Hope the week brings interesting new birds there.
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Old Monday 22nd October 2012, 09:23   #5
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Gretchen
The Magic Roundabout was an animated TV series from the sixties and seventies. The character Dylan is based on Bob Dylan and the whole series is full of drug references and has cult status in the UK. Well with Googling.

I'll post some pix of the actual roundabout in due course. Prepare to be underwhelmed.

Cheers
Mike
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Lifer: Red-tailed Tropicbird, Masked Booby

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Old Monday 22nd October 2012, 12:54   #6
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Congratulations on the new job - but I fear you might now be less available for we birders who pass through HK,
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Old Monday 22nd October 2012, 13:24   #7
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Many thanks John

Much less time to call my own these days, and correspondingly less time for birding and guiding. But I've had a pretty good run, and can recommend a couple of good friends who I know will do a great job.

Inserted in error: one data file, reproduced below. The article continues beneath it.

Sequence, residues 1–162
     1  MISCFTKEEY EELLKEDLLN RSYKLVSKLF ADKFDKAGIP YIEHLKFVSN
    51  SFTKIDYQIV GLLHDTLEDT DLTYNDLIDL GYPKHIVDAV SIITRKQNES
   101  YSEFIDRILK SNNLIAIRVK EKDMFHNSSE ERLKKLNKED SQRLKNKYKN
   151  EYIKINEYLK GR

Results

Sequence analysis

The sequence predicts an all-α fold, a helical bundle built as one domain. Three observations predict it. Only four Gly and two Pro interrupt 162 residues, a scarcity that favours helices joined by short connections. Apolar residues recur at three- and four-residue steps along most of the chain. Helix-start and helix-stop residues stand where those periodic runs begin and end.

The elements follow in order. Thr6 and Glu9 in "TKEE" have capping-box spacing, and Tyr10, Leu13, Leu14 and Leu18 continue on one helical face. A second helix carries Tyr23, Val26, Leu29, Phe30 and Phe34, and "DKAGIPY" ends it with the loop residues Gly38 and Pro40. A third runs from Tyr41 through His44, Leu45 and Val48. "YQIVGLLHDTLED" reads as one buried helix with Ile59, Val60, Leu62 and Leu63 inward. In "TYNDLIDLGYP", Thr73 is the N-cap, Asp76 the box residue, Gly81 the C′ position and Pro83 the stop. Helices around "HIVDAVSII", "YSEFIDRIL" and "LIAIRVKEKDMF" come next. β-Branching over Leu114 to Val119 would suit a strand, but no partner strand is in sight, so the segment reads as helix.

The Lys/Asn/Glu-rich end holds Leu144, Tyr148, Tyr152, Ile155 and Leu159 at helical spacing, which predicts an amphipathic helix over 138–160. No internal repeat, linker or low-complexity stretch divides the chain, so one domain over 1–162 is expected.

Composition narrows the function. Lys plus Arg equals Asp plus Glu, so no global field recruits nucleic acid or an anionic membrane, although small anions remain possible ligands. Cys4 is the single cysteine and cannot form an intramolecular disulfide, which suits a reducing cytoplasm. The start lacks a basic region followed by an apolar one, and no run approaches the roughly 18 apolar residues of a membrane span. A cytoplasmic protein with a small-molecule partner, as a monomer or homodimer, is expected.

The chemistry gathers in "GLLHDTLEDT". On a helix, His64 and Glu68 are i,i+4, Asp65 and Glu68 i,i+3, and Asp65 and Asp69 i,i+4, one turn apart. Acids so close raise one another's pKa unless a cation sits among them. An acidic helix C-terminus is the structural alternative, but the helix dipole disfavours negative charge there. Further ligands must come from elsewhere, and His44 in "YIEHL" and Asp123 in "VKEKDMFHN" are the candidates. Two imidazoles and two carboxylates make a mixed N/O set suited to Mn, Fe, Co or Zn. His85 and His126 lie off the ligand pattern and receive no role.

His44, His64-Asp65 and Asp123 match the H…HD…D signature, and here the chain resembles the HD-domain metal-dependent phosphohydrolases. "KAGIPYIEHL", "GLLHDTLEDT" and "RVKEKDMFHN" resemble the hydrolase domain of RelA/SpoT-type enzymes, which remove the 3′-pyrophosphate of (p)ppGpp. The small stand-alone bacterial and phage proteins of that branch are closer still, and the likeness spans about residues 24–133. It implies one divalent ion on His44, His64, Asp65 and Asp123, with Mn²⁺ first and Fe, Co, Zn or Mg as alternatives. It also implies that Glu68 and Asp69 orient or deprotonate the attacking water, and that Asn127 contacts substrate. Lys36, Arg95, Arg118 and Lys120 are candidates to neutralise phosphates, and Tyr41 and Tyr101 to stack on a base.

And anyone with a spare half hour in transit is more than welcome to a tour of the magic roundabout!

Cheers
Mike
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Old Monday 22nd October 2012, 13:43   #8
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We have a large complex roundabout in Swindon which was officially renamed The Magic Roundabout many years ago. No trees or bushes on it but perhaps I should stand there for a while.
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Old Monday 22nd October 2012, 14:19   #9
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Quote:
Originally Posted by MKinHK View Post
Gretchen
The Magic Roundabout was an animated TV series from the sixties and seventies....
Ah, thanks - I thought I was missing something, but not sure what...
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Old Wednesday 31st October 2012, 14:51   #10
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Two new species on my first visit for more than a week - a fine male Daurian Redstart and a Chinese Blackbird, plus a Dusky Warbler were the migrants.

Three leucopsis White Wagtails, half a dozen Crested Mynas, a Long-tailed Shrike, two Magpie Robins and a couple of heard Chinese Bulbuls were less exciting, but all in all not bad given the heavy pruning done by the landscape gardening crew during the morning.

I also had Osprey and Amur Falcon from the bus on the way to work this week.

Cheers
Mike
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Old Thursday 1st November 2012, 09:35   #11